how light and turmeric-y the curry is

Some days require plain curry and warm rice. And that’s it. You don’t need jewelled bread or cream-crowned cakes.

You turn on the air conditioning, look out at the setting sun and wait for your brother to finish laying the table.

You know it’s going to be good when you see you father making his way towards the table with the TV Guide tucked under his arm. He is excited about tonight’s cricket match. He has already set up the living room for his friends. He sits at the table and immediately he and my brother start having an animated discussion about the best batting lineup in the league.

My mother draws the curtains. Its hot and way too sunny for anyone’s comfort.

And then you dig into lunch.

Its a lunch of steamed rice and yellow chicken curry. It makes you forget about weekend cupcakes and makes you wonder why you ever needed a multi-layered birthday cake.

I chat a little with my family. We talk about summer fruits. My mum says she needs a smoothie a little while later. My brother says he needs fried chicken. Who on earth needs fried chicken when its a 100 degrees outside, I chuckle out loud. But mostly we concentrate on how light and turmeric-y the curry is.

The curry in question is your typical Indian chicken curry, except that it’s softened with yogurt and doesn’t have the resonant smokiness of garam masala. It also has one of my favourite ingredients – fenugreek. I cannot tell you enough about the magic of fenugreek, seeds or leaves or ground or anything.

You know how one of the best things in the world is the sound of bacon sizzling in the pan? The sound when it hits the hot pan? And then the second best thing is the smell of sizzling bacon reaching your nostrils?

Well, cooking with fenugreek is like one of those things. It looks unassuming. Not homely like spinach or surly like kale. It’s not as sharp as rocket or versatile like basil. But it’s a small piece of heaven alright. It hits your curry and then after a few seconds you get this really strong urge to dunk your head into the boiling curry just so you can take in all of its aroma.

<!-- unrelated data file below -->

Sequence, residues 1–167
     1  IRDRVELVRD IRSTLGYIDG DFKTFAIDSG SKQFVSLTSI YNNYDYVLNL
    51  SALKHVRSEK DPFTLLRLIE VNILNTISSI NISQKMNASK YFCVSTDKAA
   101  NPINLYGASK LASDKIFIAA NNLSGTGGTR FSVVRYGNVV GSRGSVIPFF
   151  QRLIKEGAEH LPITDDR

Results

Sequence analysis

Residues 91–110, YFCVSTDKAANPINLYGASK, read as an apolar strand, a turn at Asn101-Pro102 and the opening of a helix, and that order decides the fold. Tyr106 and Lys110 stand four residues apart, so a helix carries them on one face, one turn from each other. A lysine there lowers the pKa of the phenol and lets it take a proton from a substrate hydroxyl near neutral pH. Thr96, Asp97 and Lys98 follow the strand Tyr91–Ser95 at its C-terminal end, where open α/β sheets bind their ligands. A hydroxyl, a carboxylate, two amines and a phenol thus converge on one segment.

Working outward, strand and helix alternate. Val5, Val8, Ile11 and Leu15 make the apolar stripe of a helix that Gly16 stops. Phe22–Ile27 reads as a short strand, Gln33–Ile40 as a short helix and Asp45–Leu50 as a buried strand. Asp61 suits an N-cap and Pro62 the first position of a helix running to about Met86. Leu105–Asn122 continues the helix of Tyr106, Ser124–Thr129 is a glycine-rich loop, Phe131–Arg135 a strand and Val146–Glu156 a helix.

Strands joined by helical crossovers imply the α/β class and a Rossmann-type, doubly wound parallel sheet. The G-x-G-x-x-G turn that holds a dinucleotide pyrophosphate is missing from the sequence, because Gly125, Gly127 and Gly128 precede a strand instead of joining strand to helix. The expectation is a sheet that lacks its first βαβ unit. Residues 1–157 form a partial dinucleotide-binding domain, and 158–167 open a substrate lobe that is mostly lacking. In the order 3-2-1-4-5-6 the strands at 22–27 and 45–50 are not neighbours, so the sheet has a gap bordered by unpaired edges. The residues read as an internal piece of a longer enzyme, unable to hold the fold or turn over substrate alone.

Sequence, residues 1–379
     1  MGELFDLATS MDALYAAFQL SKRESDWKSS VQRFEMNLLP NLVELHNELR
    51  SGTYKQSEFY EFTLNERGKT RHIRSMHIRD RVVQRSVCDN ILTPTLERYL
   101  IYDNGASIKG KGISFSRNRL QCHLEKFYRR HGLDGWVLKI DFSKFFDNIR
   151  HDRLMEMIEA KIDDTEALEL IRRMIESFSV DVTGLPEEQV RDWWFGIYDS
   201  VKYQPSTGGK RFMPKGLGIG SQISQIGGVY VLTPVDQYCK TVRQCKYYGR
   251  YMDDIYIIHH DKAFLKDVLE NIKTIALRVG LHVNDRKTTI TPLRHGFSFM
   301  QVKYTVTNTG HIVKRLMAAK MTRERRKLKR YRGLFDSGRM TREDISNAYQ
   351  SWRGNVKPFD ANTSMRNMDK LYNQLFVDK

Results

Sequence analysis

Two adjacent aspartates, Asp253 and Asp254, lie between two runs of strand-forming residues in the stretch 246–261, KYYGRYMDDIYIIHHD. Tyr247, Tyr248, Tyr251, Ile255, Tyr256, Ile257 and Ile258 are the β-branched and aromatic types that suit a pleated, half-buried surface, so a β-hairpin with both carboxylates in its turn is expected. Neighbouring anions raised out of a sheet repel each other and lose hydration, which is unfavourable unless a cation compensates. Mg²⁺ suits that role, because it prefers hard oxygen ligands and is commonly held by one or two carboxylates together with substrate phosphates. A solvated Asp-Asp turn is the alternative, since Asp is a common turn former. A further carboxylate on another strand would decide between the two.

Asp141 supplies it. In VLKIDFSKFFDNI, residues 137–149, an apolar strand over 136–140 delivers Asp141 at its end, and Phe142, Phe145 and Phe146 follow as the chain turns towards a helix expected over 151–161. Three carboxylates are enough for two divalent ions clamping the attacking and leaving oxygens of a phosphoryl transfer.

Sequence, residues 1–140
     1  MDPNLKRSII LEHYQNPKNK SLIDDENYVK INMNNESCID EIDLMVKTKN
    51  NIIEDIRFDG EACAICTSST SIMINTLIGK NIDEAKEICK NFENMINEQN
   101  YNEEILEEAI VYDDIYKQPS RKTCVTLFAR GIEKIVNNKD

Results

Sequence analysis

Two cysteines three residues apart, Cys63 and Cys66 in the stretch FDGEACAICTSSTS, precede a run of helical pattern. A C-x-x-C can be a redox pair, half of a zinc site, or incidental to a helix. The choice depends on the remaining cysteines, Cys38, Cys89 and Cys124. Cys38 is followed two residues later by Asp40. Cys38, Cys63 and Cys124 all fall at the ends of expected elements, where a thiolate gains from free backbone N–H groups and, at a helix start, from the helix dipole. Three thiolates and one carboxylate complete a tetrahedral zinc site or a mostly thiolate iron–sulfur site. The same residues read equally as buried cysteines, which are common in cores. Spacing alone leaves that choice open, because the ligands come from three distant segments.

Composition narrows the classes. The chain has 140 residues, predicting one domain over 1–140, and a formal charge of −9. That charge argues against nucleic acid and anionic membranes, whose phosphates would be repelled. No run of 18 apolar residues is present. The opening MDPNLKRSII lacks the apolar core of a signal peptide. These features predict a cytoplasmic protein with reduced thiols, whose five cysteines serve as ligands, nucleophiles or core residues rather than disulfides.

Instead, you raise our nose, take a loooong breath and wait for lunch.

Yellow Chicken Curry with Fenugreek

500gm chicken breast pieces, or 4 chicken breast cut up in 1-inch cubes
3/4 cup of natural yogurt
1 tbsp ghee or vegetable oil
2 small onions
1 tbsp of garlic paste
1 tbsp ginger paste
1 tsp of turmeric powder
1/2 tsp of red chili powder [more, if like us, you can handle the heat]
1 tbsp tomato puree
2 tsp dried fenugreek leaves
Salt, to taste
Chopped coriander leaves or parsley leaves, to garnish

In a large bowl, mix the chicken well with the yogurt. Make sure all the pieces are coated well with yogurt. Cover with cling film and rest in the refrigerator for 2-12 hours. Quarter the onions and blitz them in a blender along with a tablespoon of water, till it turns into a paste. You might need more water than a tablespoon.

Heat ghee/oil in a skillet. Add the onion, garlic and ginger in and stir on high-heat for about 3-4 minutes or till the mixture starts to turn colour. Add in the turmeric and chili and stir for a couple of minutes more. Lower the heat to medium. Add the chicken along with its yogurt-marinade and tomato puree. Cover and cook for 10-12 minutes or till you cut open the biggest piece of chicken and it’s all white in the center. If the curry looks too dry, add a few tablespoons of water to i and let it cook for 2 minutes more. Add the fenugreek leaves and season with salt. Stir for a minute and take it off heat. Garnish with leafage and serve with steamed rice.

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9 thoughts on “how light and turmeric-y the curry is

    • Oh! I remember, as a kid, we used to be given tall glasses of turmeric milk because it was “good for us”. But to be fair, it is worth it, really. 🙂

  1. Turmeric does wonders to rice and curries. I usually make my curry with garam masala since there’s a little tupperware of it when I made it from scratch and I don’t want it to go to waste. It was then that I realized that the strong flavor of the garam masala does make a curry, well, a curry. haha! But I’ve never tried using only fenugreek leaves since we don’t have it here. This is interesting! 😀

    • Oh yes, garam masala’s a staple in most Indian curries. But I’ve been planning to write about the curries we eat here that do no use garama masala, because all my Brit friends keep asking whether they should be adding it to everything!

      And every time I buy a box of garam masala from the supermarket, I try not to tell my mother. Here in India, we all make our own mix at home, and she would have a fit if she knew I was “buying” it!!

    • It’s addictive really! Let me know if you try it….if you don’t get leaves try ground fenugreek [it might say ‘Methi’ on the box] from the supermarket.

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